By Marc Chandler
A number of Fed officials have spoken in recent days and there are a few takeaways that will likely set the general stage for the next FOMC meeting on April 24-25.
First, while there are more regional presidents than Governors on the Federal Reserve Board, the Board still drives Fed decisions. Here the three most important are Bernanke, Yellen and Dudley.
Second, the debate over another round of asset purchases seems to be getting less play than the debate over guidance, and the real Troika of BYD (Bernanke, Yellen and Dudley) are reading from the same song book. They are maintaining the view of late 2014, while some regional presidents have expressed leanings for an earlier (2013) move.
Third, another round of asset purchases is not off the table and until a tightening becomes a practical scenario, it is to remain an option. The BYD Troika believes that it has been successful and that is sufficient to keep it as a policy tool. Yet the bar to its use is higher than some observers who suspect hints of it at next FOMC meeting. Current conditions are not sufficient. The economy has to falter, not just in absolute terms but most importantly relative to the Fed’s outlook. Alternatively, if inflation falls too much, another round of asset purchases would seem more likely.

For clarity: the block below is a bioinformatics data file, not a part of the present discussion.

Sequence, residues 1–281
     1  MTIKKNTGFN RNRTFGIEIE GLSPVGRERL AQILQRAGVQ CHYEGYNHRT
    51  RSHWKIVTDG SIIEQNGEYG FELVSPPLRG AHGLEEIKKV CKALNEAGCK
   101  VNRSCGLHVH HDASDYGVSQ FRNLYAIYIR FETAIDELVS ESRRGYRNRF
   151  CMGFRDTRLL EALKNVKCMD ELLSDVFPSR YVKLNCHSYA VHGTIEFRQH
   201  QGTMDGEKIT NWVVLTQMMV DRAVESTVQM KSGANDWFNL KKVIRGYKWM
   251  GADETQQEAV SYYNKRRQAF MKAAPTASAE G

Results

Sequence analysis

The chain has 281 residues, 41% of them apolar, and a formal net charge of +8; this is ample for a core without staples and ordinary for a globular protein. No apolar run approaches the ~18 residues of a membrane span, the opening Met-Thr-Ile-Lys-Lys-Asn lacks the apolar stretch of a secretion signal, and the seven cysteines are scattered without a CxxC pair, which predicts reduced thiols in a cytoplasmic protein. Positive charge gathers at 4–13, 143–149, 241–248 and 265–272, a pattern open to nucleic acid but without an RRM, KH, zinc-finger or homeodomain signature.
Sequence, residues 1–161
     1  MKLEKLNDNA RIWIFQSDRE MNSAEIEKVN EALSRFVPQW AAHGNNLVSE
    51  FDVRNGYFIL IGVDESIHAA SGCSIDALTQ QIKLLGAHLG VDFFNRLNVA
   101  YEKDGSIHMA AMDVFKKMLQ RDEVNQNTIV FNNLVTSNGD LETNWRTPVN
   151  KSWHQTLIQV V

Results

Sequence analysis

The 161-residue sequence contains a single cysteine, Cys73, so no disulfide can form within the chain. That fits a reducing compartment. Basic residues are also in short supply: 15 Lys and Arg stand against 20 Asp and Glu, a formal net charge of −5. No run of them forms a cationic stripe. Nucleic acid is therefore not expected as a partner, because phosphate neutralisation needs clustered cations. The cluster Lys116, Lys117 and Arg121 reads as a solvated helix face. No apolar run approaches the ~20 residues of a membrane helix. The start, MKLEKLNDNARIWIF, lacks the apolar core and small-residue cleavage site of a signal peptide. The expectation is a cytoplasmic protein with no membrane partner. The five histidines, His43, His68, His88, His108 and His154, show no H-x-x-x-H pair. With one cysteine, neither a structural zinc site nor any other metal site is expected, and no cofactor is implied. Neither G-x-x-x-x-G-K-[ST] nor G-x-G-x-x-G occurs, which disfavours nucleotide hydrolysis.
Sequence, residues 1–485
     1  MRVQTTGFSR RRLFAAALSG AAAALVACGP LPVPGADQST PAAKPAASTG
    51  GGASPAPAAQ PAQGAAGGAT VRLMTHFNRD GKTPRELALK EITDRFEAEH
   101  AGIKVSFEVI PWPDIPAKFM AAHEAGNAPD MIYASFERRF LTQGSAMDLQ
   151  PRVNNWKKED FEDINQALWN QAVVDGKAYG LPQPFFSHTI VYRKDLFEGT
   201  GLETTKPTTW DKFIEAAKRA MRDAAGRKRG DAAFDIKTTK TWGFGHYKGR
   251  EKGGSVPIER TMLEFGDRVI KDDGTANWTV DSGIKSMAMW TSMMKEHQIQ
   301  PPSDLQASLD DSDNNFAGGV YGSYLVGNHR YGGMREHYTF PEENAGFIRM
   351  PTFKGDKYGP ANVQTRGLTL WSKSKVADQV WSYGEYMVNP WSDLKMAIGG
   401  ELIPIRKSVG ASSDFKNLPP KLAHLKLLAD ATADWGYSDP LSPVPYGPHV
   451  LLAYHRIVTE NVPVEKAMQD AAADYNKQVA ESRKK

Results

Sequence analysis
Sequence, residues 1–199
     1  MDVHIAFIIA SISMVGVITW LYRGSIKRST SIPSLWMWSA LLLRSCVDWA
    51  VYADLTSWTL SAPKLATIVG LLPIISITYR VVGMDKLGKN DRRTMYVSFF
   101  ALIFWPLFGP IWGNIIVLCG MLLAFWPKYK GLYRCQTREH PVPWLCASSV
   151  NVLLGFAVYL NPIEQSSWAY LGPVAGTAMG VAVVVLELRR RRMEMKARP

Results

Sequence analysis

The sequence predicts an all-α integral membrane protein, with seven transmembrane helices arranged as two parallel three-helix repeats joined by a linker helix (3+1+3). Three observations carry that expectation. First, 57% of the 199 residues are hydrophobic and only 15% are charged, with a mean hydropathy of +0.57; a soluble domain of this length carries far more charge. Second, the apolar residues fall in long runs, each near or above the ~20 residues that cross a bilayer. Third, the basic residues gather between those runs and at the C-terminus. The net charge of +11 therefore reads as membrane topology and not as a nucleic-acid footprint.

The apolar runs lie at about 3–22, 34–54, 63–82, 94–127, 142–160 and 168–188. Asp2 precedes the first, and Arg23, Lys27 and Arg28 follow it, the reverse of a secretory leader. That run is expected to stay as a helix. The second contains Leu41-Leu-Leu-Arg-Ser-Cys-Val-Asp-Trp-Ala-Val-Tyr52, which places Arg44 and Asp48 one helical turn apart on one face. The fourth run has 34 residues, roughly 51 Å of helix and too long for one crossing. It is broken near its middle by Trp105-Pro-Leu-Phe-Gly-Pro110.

Fourth, monetary policy is not based on any desire for a particular currency outcome. The Fed is not seeking to debase the dollar. If the dollar falls as a consequence of its policies, the Fed does not seem particularly concerned. Monetary policy is driven by how the Fed interprets its mandate not on a fx objective.
Fifth, Dudley opined that Q1 GDP is likely to come in around 2.25% (at an annualized rate), which is largely in line with the market’s expectations. While it would be slower than the 3% in Q4, it would be still be better than the 4 quarter average of 1.6%.
Sixth, Operation Twist is to be completed by the end of the quarter. Some observers think that the Fed will need to do more than or risk a tightening of monetary conditions. However, the BYD Troika has consistently argued that it is the stock of holdings not the flow that is of ultimate significance.